Sleepy Eye Medical Center hosted their second annual Paint the Town Pink event at the Sleepy Eye Event Center, with about 100 women in attendance.
Sleepy Eye Medical Center hosted their second annual Paint the Town Pink event on Wednesday evening, Oct. 4, at the Sleepy Eye Event Center. About 100 women gathered to raise awareness and learn more about breast cancer, while also enjoying some snacks, socializing and crafting.
Dr. Karlyn Armbruster gave a presentation on breast cancer—what it is, what the signs are, what the risk factors are, how it is detected, and treatment options. She echoed the opening remarks of Mikayla Bruggeman, SEMC Community Relations Coordinator, who said that one in eight women in the United States will be diagnosed with breast cancer. Armbruster said it is the leading cause of cancer deaths in women worldwide.
Armbruster also spoke about the newest method of detecting breast cancer, 3-Dimensional Mammography, which she expects will soon be the standard of care. “It’s brand new, really exciting technology. It takes multiple x-rays of breast tissue to recreate a 3-D picture of the breast. Sleepy Eye Medical Center is currently budgeting funds for 3-D Mammogram,” said Armbruster. “Hopefully within the next year we’ll have that, and it will become your standard mammogram.”
The women at the Paint the Town Pink event paid to attend and the proceeds benefit the SEMC Mammography Department.
Following Armbruster’s presentation, Alisha Schmidt and Andrea Merkel, who are breast cancer survivors—and sisters—told the audience their cancer stories.
The sisters were diagnosed about a year apart, been diagnosed with breast cancer) and Andrea in 2015—both at a young age, in their early thirties.
Alisha is an Emergency Department RN at River’s Edge Hospital in St. Peter, a volunteer EMT in Fairfax and also used to be a nurse at SEMC. She said she was glad to see friends in the audience, making a difficult talk easier to deliver. Alisha and her husband, Steve, and their four-year-old daughter, Avery, live in Fairfax.
Andrea and her husband, Dan, also live in Fairfax. Andrea works as a personal banker at Bremer Bank in Redwood Falls.
Alisha and Andrea shared their stories of diagnosis and treatment, and of the great support they received from family and friends. They also tearfully spoke of the pain of seeing their sister, their best friend, go through everything. Both have been cancer free for over two years.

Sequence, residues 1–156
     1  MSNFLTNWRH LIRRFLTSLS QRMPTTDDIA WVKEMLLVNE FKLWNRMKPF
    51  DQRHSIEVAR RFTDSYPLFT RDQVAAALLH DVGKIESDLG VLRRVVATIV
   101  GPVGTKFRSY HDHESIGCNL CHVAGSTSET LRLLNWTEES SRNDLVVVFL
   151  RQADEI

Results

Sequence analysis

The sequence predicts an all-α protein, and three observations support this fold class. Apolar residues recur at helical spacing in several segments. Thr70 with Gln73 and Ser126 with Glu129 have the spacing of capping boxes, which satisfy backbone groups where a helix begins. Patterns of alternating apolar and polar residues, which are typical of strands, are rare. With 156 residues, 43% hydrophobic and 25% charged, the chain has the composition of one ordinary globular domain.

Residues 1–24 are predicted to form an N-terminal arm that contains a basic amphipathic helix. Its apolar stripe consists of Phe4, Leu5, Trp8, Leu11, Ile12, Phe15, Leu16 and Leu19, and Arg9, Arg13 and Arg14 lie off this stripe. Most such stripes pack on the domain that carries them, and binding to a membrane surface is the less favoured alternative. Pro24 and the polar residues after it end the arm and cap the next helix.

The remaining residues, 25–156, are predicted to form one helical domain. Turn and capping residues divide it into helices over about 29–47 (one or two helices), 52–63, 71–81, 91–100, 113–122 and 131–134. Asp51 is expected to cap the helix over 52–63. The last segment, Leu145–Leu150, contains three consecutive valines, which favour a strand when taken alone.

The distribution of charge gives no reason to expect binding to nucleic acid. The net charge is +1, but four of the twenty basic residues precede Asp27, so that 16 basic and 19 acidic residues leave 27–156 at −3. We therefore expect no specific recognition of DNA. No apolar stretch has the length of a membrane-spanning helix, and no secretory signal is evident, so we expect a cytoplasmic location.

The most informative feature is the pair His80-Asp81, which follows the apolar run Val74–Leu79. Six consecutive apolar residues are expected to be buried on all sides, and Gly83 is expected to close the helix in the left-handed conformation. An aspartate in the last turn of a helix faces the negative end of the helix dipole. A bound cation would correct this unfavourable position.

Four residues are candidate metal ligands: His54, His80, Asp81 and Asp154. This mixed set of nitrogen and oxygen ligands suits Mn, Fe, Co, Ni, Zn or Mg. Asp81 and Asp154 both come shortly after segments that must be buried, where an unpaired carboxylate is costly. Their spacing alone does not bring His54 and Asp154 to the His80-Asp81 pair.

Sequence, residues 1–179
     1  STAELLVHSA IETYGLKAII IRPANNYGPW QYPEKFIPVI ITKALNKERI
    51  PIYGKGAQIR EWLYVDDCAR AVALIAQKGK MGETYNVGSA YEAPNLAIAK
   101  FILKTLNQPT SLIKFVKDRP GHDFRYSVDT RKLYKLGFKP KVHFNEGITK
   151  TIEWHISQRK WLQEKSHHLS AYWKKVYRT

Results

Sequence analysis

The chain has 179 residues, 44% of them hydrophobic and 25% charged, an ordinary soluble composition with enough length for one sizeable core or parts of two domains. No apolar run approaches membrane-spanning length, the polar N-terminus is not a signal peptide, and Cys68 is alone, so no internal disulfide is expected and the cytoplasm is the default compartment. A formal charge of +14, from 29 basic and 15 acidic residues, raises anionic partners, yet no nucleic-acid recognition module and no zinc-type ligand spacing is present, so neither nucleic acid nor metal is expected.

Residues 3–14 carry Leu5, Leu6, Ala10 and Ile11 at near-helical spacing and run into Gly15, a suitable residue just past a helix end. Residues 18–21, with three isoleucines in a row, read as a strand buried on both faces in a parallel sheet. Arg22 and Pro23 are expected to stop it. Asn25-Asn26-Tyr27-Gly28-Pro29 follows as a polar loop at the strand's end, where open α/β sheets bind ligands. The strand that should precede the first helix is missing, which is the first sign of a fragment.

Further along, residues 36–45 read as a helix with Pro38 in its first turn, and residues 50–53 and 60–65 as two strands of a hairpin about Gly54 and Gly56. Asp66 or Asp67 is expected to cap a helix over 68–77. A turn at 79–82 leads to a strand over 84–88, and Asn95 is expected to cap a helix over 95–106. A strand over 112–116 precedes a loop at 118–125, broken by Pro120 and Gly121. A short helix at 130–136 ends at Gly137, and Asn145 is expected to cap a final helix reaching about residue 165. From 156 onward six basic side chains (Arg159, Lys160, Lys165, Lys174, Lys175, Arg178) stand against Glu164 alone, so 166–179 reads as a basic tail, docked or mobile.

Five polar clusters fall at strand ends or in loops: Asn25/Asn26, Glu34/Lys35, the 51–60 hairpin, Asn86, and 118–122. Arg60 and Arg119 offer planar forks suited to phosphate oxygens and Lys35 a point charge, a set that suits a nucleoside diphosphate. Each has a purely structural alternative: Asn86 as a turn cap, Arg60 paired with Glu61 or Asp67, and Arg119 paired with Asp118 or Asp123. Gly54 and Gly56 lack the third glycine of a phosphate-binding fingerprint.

Andrea told how having cancer also had positive impacts on her. “Cancer has taken many things from myself and Dan, but I choose to focus on how surviving cancer has positively changed our life together,” she said. “We no longer say someday. We now make the phone calls and visits instead of just saying we are too busy, maybe someday—someday is never promised. I now say something when someone I know is facing a hardship in life. It may not be the right thing to say, but it is better than saying nothing at all, which we have learned can hurt more than any illness. Cancer has given us the freedom to let go of the things that truly don’t matter in life and focus on what is important to us.”
Alisha wrapped up the sisters’ presentation. She said, “I am so thankful and grateful everyday to be alive. I’ll be honest, I still struggle to come to terms with what I went through. It is a known fact that young survivors deal with anxiety and depression after going through treatment. We are forever changed. We’ve had to come to terms with changing our life goals, our goals for our family, our careers. Our friendships and relationships with loved ones change too. We also live with knowing that cancer could return.
“As a survivor, you learn to take it one day at time, learn to appreciate the little things, see the positives in everything.”
Alisha closed with recognition of the women in attendance. “The advancements that have been made in research have been made possible through events like these,” she said. “Thank you to everyone who came out tonight to hear us speak and to show support for finding a cure for breast cancer.”